Better yet, I urge nonprofits to apply and become part of the GuideStar Exchange – read, GuideStar Exchange Requirements and Benefits. The process involves completing their profile to the fullest extent and thereby being as transparent to the public as possible.
Look below the main body of Carolyn’s Nonprofit Blog to find links to two GuideStar case studies. When you read them, you will see why I am such a fan of GuideStar!
You might also enjoy reading a more informal discussion about ethics, “Cowboy Ethics: Ten Principles to Live By.” This article is one of my most read, since the blog was launched on WordPress in 2011.
In closing …
“If you don’t have integrity, you have nothing. You can’t buy it. You can have all the money in the world, but if you are not a moral and ethical person, you really have nothing.”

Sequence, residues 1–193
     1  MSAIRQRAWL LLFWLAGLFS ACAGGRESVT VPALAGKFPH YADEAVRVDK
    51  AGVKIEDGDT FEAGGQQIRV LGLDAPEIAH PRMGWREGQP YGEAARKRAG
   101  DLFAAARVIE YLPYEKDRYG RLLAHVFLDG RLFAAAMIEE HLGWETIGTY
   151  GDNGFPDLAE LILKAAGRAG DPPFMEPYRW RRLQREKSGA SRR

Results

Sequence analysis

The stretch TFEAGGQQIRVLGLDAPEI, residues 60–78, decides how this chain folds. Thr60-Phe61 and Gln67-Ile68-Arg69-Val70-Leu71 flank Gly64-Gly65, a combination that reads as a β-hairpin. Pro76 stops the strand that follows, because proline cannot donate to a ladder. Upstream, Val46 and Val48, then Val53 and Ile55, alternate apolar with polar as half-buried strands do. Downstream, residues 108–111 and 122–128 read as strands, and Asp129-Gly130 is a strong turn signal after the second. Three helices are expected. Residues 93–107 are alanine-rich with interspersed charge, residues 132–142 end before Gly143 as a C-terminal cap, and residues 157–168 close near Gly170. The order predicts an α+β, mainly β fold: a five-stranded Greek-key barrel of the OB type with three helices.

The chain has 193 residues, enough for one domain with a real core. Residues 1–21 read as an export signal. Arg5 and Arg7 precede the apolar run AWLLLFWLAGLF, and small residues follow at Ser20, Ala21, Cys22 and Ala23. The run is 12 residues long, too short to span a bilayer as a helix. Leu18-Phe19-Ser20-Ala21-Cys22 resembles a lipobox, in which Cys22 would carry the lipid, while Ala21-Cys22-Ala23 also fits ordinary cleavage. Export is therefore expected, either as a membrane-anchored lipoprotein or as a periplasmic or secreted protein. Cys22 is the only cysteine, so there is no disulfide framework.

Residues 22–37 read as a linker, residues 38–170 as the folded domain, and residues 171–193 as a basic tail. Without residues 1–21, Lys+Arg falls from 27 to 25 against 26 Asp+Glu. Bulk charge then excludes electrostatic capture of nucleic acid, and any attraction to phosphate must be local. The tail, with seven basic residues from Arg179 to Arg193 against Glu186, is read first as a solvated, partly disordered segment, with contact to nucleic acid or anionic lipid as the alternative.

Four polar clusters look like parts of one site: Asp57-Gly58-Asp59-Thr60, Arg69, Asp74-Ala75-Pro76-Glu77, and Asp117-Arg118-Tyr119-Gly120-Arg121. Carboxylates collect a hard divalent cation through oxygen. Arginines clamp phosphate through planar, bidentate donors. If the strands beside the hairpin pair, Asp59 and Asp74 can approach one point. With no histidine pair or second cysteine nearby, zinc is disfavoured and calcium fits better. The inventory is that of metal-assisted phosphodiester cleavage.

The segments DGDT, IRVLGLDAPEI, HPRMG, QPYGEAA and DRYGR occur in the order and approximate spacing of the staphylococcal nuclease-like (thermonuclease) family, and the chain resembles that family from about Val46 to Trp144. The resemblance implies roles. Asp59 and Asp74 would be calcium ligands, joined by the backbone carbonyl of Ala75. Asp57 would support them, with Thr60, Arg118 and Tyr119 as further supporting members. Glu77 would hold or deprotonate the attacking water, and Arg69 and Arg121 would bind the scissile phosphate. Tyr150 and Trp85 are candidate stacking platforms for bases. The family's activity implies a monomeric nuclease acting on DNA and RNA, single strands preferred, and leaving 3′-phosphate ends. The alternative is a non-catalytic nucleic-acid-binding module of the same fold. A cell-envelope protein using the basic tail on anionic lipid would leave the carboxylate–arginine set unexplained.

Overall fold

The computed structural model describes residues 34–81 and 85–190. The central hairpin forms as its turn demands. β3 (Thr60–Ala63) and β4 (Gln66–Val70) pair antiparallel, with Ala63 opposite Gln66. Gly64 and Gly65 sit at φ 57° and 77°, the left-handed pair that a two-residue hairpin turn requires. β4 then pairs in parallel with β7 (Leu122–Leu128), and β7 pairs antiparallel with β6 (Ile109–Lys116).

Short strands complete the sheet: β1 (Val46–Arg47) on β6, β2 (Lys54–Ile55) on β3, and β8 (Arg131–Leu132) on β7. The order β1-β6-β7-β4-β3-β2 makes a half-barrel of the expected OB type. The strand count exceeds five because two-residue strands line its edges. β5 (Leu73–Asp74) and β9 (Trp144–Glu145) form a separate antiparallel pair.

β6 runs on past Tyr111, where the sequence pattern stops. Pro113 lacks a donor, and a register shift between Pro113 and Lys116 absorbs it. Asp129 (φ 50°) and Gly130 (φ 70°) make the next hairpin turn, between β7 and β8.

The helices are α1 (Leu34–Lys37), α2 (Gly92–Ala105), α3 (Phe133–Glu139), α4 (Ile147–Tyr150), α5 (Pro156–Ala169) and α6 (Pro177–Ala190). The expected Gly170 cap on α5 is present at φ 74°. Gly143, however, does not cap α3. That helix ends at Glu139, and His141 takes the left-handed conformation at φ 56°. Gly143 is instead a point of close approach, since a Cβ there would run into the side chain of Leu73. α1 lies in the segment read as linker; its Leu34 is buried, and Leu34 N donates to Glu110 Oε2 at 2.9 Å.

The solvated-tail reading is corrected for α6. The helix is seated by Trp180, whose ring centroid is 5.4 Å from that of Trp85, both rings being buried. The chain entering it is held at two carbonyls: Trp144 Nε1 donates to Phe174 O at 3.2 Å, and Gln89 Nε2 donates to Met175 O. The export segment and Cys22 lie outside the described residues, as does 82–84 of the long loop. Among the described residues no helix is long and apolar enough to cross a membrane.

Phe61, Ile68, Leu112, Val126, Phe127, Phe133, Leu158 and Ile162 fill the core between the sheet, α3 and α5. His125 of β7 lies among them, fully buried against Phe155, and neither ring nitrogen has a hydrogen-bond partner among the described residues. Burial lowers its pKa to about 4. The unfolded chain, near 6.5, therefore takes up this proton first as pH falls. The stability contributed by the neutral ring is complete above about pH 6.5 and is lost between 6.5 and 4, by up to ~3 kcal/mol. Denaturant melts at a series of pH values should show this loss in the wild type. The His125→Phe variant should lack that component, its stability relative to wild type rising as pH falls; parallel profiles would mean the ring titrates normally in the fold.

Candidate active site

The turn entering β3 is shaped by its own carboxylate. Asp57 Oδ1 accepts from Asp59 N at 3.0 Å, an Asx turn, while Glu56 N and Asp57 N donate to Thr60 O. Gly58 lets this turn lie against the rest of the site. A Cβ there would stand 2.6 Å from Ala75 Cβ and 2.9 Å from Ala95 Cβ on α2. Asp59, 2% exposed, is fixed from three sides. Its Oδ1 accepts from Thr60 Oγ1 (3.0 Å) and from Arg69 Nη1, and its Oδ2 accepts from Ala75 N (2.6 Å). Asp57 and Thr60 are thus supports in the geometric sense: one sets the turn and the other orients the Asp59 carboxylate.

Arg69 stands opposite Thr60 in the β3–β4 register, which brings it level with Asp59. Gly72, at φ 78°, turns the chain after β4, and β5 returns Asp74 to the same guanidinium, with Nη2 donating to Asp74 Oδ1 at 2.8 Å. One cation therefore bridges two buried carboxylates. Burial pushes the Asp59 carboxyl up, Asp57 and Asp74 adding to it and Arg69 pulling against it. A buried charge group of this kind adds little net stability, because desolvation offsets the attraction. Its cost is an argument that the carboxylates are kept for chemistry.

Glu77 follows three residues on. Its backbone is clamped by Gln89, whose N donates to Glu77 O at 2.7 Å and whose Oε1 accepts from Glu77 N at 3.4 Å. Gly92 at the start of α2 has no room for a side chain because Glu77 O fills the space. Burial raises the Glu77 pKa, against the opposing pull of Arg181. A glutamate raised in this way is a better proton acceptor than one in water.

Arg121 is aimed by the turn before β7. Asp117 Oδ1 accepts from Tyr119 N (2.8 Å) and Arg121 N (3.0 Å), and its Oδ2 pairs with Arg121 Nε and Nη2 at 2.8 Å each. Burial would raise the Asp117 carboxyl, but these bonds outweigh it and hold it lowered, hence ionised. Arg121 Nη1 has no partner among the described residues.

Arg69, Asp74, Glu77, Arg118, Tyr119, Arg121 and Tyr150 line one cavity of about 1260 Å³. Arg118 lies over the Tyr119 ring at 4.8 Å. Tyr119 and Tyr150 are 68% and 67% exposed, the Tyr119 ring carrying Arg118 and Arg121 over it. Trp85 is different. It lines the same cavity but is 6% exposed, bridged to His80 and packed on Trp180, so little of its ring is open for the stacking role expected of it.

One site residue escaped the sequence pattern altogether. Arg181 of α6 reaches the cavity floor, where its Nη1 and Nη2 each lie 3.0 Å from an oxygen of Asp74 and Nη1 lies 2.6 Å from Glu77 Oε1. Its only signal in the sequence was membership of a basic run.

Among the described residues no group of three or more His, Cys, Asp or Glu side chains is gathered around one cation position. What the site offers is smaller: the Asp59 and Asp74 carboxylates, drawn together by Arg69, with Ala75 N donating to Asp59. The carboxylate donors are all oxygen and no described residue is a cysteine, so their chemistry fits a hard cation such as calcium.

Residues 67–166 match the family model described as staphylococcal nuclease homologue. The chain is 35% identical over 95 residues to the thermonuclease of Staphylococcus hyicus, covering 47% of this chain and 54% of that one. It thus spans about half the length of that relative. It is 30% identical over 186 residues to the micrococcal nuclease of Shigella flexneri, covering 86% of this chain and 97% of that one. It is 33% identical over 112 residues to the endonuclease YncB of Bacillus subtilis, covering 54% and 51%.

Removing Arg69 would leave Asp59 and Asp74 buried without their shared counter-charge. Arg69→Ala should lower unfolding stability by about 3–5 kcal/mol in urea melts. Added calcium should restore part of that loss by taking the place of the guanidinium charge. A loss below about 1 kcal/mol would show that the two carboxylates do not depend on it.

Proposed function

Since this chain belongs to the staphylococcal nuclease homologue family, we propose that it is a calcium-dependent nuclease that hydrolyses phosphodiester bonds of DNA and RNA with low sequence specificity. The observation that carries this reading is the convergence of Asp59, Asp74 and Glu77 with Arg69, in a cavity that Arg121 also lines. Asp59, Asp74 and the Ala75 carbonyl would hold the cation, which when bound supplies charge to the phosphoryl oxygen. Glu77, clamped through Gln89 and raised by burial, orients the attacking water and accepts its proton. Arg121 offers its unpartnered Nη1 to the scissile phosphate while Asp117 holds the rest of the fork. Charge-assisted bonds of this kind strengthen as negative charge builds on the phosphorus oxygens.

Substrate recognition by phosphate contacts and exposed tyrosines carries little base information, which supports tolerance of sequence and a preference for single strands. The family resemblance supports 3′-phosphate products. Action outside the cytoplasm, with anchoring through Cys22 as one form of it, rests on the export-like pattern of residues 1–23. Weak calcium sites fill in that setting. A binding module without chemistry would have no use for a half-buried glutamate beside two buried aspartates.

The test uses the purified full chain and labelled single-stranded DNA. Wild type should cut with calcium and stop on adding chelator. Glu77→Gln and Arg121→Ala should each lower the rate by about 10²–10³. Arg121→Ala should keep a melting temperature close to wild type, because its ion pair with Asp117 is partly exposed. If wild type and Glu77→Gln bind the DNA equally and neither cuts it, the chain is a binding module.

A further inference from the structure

~ Henry Kravis, American businessman (b. 1944)
Here are links to additional helpful resources on nonprofit ethics:
- The Bridespan Group, A Board Member’s Code of Ethics
- Niall McCarthy for Forbes, “The Institutions Americans Feel The Most Confident About [Infographic]” (June 16, 2015). Telling!
- Independent Sector, Compendium of Standards, Codes, and Principles of Nonprofit and Philanthropic Organizations
- It is helpful to see how nonprofit organizations, in this case NPR, view ethics and social media use. Click to read the NPR Ethics Handbook.
Click on the logo above to reach my article about how I have used GuideStar in my work.
This article was written in February, 2013 when I lived in San Antonio, Texas. I have since revised and updated it.
I would also like to mention that one should not have to pay to prove one adheres to the highest possible ethical standards (i.e., join an organization). The resources I have provided can be quoted on your nonprofit’s website and in collaborative materials to demonstrate your awareness of and adherence to ethical nonprofit fundraising practices.